Paulson notes that the farm sector doesn’t have a solvency crisis because balance sheets are strong. It has a liquidity crisis. “If producers are close to the end of their financial rope, we’re telling them not to look to 2017 to be a year of salvation,” he says. “We are not expecting a huge rebound in commodity prices. For those people who need to borrow money, breaking even will be a challenge.”
The majority of farm equity is tied up in real estate. To reduce debt, a farmer needs to make money or liquidate assets. While Paulson says he’s seeing some land sales, more farmers who need to liquidate assets are looking for investors to buy land and then rent it back to them.
“Bank regulators’ response to the stress in the ag sector appears to be measured and tempered,” Paulson says. “Ag banks—as compared to previous down cycles like the 1980s—have, as a whole, done a better job of identifying and mitigating risks in their loan portfolios. The vast majority of ag producers and ag banks have a strong capital base that helps buffer the consequences of economic down cycles.”
After sustaining back-to-back losses, some farmers have completely burned through the cash reserves they built during the boom, and now that working capital has declined, they are looking at leveraging discounted assets that they’ve already paid for once, according to Michael Bahl, business banking manager for Wells Fargo, Owatonna.
For instance, Bahl says that southern Minnesota farmland values peaked in 2015 between about $10,000 and $11,000 per acre; today that same land is probably worth $6,000 to $7,000 per acre. Anyone who bought land at the peak had to finance it with at least 50 percent cash.
Bankers say about half of the state’s corn farmers have been relying on financing for working capital, but that portion is growing. In 2015, according to University of Minnesota FINBIN data, 70 percent of Minnesota corn farmers and 50 percent of soybean farmers lost money. Bahl expects the portion of farms that lost money in 2016 to be similar to 2015, with the percentage expected to increase across all sectors except dairy in 2017. However, dairy farmers are operating with low margins.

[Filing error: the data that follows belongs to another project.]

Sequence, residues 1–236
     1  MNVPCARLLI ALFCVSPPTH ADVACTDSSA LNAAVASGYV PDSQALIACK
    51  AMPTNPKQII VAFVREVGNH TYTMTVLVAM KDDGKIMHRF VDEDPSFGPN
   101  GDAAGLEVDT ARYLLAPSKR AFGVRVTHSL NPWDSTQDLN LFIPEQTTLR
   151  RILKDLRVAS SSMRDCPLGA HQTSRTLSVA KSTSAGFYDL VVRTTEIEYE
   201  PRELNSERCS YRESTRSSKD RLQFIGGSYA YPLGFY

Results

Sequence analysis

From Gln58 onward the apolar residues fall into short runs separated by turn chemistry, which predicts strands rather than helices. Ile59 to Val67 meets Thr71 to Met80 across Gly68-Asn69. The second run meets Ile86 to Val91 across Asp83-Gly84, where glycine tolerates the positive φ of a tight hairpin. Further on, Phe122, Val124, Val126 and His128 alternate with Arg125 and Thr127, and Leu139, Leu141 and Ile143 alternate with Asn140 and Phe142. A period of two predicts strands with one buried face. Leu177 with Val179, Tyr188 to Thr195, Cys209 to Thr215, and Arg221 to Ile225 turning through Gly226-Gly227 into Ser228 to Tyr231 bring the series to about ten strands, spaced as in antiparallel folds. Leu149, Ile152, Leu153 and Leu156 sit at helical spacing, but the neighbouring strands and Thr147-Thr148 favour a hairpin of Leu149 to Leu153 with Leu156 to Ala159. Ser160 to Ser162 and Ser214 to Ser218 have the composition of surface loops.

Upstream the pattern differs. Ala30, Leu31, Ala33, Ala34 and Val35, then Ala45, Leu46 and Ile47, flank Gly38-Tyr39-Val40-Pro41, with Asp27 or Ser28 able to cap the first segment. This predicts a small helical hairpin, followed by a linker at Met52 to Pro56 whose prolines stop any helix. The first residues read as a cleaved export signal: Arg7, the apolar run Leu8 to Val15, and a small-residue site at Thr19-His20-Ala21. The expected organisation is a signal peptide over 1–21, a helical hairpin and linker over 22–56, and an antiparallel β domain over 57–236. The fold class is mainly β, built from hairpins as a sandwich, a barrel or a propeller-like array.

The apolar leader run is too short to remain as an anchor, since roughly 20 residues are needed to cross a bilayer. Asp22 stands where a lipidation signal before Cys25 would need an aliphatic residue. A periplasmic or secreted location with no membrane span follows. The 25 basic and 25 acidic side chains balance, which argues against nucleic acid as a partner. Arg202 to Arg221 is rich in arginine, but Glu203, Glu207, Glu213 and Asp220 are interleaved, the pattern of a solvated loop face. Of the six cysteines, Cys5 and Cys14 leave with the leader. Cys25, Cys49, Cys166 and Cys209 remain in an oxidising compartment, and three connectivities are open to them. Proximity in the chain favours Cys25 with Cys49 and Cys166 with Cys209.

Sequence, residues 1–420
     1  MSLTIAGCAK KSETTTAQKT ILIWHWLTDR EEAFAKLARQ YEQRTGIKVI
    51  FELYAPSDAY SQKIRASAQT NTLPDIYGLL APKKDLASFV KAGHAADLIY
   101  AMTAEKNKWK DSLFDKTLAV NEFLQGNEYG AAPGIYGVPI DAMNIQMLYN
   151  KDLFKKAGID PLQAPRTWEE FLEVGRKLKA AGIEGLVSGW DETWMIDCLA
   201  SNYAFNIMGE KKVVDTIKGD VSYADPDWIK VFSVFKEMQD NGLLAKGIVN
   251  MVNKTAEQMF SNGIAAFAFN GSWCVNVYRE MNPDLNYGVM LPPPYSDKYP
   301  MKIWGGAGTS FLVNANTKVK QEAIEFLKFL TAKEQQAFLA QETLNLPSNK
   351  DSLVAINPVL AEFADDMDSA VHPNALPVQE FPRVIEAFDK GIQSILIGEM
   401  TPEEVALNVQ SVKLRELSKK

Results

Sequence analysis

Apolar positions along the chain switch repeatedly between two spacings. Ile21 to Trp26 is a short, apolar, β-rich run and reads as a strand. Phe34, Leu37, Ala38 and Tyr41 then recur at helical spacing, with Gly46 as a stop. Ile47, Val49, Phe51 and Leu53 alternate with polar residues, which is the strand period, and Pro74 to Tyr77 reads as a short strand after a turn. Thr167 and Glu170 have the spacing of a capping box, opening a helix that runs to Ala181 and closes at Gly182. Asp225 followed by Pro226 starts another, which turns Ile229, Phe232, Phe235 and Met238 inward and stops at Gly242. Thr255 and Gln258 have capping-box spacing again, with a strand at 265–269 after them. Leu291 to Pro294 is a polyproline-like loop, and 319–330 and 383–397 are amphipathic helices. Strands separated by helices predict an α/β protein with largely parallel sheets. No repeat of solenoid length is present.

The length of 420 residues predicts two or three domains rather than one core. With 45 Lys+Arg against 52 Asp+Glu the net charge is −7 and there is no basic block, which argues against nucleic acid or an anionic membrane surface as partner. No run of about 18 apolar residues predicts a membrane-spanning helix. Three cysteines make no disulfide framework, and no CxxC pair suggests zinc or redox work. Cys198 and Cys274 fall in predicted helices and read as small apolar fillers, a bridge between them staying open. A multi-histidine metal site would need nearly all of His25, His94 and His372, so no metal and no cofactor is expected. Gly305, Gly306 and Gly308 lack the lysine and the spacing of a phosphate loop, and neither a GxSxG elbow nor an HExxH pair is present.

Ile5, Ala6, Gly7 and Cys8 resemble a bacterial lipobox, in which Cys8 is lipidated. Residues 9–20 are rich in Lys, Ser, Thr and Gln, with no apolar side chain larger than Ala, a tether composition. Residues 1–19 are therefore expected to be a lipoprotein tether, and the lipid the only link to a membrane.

“Access to excess capital is not there like it was in the good times,” Bahl says. “There’s more scrutiny today. I haven’t seen any that have been shut off from credit yet. But there will be some farms that won’t be farming the entire year.”
Recent political rhetoric over trade issues also is worrisome. Brad Costello, agricultural relationship manager for Alerus, says there is lots of concern over potential trade conflicts, particularly with China and Mexico. According to the USDA, China and Mexico were two of the top three markets for U.S. agricultural products in 2015, with China receiving $20.5 billion in U.S. exports and Mexico $17.7 billion.
“When times are tough, farmers are not buying. Unit sales of large pieces of equipment are down 40 percent to 50 percent from the peak,” Bahl says. “Certain agribusiness dealerships are shrinking the number of stores they have and expanding their repair business to increase margins. We are going to see some failures with production agriculture in 2017, and we’ll probably see some failures in farm dealerships throughout the region.”
The good news for the sector is that many equipment dealers shored up their balance sheets in 2015 and 2016 by adjusting their business models and cost structures, and used farm equipment values are starting to rebound.
“Those who have been aggressive on working down the value of used equipment are doing well. Some have been aggressive at getting this inventory off the lot, even at a loss,” Paulson says. “Equipment dealers are borrowing less, simply because well-run dealerships have cut used inventory and used that money to pay down their line of credit.”
Other uncertainties continue to cloud the banking industry as well, including whether Dodd-Frank will be repealed, replaced or revamped, and bankers are mixed on what might happen to the federal banking regulations.
“We believe in regulation. Regulations are important,” Trier says. “Our position is that we are going to be a leader in having the resources, expertise and people needed. We have built the infrastructure and added needed staff. The new administration has run on a deregulation theme, but it’s too early to tell. For us, it’s status quo for now.”
Some of the smaller banks were hopeful that regulatory changes would be for the better. “The new administration is saying it will cut back regulation across industries, and the banking industry is hopeful there will be regulatory relief for the industry,” Rymanowski says. “But there’s also an ‘If not this, then what?’ feeling.”
Fran Howard is a St. Paul-based freelance writer and editor.